"...the human task is to draw out potential treasures in the powers of nature and so to realise the convergent process of humanity and nature discovering in collaboration what they can become."

In 2009, The Episcopal Church sought funding for a part-time advocate for environmental stewardship of water. Resolution A516 was titled "Sacred Acts for Sacred Waters". Here is the explanation:

"Scripture teaches us that God made the waters as part of Creation. Throughout Scripture and in liturgical practice, water has had deeply understood sacramental roles culminating with the water of baptism. Science and everyday experience confirm the description in the Scriptures of water as life-giving for all Creation. Millennium Development Goal #7 seeks to provide adequate supplies of life-giving water for all people.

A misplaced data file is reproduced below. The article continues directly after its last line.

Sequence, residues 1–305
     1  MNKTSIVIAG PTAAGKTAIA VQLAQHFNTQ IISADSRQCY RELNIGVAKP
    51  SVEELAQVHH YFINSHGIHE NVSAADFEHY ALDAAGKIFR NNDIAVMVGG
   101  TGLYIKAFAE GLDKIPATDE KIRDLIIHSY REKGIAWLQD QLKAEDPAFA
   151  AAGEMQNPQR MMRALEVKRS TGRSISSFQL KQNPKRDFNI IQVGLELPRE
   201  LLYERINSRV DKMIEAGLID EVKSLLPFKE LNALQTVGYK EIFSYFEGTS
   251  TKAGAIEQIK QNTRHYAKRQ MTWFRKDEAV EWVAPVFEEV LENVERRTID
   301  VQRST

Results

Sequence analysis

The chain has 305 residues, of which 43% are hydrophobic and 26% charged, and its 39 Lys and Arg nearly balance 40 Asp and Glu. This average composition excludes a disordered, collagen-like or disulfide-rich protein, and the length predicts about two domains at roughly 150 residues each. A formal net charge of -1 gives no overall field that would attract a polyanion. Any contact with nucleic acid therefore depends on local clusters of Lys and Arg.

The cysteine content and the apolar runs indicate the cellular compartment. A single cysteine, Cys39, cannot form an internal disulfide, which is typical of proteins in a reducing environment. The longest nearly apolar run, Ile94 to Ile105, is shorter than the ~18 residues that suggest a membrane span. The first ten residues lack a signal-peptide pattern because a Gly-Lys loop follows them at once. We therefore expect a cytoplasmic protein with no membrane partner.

Within Creation water undergoes a cycle. Water flows from sources, is contained, distributed, sometimes purified, used and then collected and distributed for further purification before rejoining the flow. In our reality the water of Creation is the result of complicated combinations of the natural processes set in place by the evolution of Creation and by many human interventions."

There it is again, Process Theology, with a thin veneer of a sacramental (or shamanic) theology. It is clear that Process Theology interacts with political ideologies to produce what is termed a "Woke" consciousness.